The Roman Catholic Church is an institution that has lasted for nearly two thousand years. Catholics believe that Jesus Christ, who came on earth as a male, himself ordained his close friends, the men who were to carry on his work after his return to his Father, to perform the two acts that are essential to priesthood: changing the bread and wine into Christ himself in the Eucharist and absolving (or retaining) sins in the Sacrament of Reconciliation.
These sacraments have been passed from the first priests, the Apostles, down to the most recent priest ordained in the world today, through the bishops, who lay their hands on them. A priest represents Christ at the altar; he stands for Christ, he symbolises Christ, for that time. A symbol has to be appropriate to the thing it symbolises. It is no use taking earth as a symbol of liquidity, for example.
The uniquely womanly act is to bring life into the world – what a gift that is!
The maleness of the priesthood has nothing to do with social convention. Priestesses were two-a-penny in all the religions in Christ’s time, except for Judaism. Yet, Christ, who showed such warmth towards women in the Gospel narratives, did not choose them to carry on that particular work of his. There is plenty of work for everyone to do: we are all called to be saints, not clerics. There are many women saints, married and unmarried alike! And there are such rewards for us, along the way.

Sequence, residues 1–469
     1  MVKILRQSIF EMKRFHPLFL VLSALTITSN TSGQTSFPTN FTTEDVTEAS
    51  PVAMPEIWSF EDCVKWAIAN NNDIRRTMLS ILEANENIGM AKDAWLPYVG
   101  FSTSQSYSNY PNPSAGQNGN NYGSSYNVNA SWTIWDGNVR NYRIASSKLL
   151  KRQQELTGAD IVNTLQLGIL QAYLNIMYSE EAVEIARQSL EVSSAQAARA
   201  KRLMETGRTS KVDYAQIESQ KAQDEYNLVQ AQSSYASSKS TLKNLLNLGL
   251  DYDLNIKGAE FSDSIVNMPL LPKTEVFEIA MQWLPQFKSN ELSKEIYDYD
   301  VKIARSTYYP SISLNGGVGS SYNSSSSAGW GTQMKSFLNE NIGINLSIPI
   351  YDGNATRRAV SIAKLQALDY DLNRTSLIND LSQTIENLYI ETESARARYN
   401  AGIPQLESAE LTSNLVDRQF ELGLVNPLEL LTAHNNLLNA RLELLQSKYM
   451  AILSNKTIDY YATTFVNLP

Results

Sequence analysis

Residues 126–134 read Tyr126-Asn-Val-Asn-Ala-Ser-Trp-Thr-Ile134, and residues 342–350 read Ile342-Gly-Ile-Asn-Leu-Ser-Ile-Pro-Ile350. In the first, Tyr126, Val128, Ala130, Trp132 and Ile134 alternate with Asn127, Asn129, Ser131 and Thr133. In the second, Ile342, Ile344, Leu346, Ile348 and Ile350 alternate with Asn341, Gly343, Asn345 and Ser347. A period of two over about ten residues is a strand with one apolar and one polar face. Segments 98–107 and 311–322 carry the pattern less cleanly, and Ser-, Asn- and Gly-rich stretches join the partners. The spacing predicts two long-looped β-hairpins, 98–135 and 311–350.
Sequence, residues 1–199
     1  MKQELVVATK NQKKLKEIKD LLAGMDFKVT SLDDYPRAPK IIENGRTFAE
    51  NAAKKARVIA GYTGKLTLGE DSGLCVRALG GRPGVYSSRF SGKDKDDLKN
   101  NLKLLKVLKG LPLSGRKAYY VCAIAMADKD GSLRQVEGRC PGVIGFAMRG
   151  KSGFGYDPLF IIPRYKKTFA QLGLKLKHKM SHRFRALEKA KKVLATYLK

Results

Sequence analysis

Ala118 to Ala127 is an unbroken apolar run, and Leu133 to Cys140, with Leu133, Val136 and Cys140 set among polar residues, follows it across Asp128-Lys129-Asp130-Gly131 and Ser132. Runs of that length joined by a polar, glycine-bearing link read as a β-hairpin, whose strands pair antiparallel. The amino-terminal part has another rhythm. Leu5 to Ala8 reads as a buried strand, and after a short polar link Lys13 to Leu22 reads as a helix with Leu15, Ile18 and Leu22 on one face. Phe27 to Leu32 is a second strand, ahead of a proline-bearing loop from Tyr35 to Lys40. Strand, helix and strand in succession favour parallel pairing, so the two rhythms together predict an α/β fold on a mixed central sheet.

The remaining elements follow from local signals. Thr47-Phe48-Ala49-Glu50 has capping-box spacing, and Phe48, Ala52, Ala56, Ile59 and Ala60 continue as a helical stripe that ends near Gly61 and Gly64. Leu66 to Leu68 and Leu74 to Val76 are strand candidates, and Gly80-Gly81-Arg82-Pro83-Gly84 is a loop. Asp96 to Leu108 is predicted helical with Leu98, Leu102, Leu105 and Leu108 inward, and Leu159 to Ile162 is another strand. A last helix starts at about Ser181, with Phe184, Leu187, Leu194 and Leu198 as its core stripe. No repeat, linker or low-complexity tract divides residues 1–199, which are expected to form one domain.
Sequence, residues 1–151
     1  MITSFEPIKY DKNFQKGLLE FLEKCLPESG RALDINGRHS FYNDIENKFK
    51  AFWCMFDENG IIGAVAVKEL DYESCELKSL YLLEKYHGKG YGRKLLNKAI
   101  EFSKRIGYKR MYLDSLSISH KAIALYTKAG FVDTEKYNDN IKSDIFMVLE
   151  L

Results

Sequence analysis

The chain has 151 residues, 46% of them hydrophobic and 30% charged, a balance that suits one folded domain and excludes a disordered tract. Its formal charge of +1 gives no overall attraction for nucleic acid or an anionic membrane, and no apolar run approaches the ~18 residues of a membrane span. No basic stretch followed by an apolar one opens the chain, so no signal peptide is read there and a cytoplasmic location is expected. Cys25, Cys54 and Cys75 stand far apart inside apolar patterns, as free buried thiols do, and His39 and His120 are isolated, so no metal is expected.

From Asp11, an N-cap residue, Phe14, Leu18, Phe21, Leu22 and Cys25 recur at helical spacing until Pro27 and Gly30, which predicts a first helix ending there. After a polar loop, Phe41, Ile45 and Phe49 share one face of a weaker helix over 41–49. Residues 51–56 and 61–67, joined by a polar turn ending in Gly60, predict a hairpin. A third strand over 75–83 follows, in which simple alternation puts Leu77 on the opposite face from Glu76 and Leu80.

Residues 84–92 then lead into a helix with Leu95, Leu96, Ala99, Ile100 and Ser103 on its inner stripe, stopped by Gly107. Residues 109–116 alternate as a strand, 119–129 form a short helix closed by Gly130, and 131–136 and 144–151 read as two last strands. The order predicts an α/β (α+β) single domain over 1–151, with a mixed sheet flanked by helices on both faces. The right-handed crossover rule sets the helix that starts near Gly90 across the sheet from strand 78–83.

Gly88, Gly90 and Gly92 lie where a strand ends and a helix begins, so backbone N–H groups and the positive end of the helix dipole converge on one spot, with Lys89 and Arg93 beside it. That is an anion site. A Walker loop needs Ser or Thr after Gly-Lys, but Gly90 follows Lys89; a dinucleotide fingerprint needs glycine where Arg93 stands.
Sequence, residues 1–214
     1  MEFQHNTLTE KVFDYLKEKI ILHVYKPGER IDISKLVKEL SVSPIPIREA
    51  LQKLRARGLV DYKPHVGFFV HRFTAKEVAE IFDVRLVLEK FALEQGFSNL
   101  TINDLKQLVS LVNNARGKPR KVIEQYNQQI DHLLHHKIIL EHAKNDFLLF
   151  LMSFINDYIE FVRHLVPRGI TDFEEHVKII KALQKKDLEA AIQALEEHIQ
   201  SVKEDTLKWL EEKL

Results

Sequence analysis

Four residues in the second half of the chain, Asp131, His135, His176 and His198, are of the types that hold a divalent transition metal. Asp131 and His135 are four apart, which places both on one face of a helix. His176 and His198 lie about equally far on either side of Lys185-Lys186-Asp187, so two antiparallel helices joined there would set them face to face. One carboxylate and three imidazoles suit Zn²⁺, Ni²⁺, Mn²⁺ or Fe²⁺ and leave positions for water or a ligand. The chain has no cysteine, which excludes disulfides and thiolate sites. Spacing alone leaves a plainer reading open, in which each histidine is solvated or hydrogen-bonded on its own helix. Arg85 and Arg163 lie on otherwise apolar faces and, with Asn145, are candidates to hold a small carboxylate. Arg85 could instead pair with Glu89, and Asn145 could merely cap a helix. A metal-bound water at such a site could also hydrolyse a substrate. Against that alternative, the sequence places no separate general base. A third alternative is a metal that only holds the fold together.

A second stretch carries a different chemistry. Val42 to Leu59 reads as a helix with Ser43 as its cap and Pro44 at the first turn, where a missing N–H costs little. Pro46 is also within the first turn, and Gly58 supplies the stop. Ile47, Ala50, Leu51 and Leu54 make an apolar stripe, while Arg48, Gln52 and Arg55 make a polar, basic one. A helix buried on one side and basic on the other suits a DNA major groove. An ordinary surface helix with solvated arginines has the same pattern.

I confessed at the start of this blog that I suffer from this allegedly hideous disease. The Church is a church of sinners and the only sinner I know intimately is myself. So when I consider the things that I have done and the things that I have left undone, I have reason to feel guilty. That is the time to make use of the ultimate de-tox and to go to the Sacrament of Reconciliation. I am sorry for the sins, great and small, that I have been responsible for, and I present myself ( mostly anonymously, in a lovely dark little box, with a screen between me and the confessor-priest), confess the failures for which I am responsible, tell God that I am sorry for them, and resolve to try not to commit these sins again. The priest, standing in for our loving Jesus, absolves me from them and after praying as the priest instructs me, I return to the world, a new person, squeaky-clean, spiritually years younger, and ready to try again.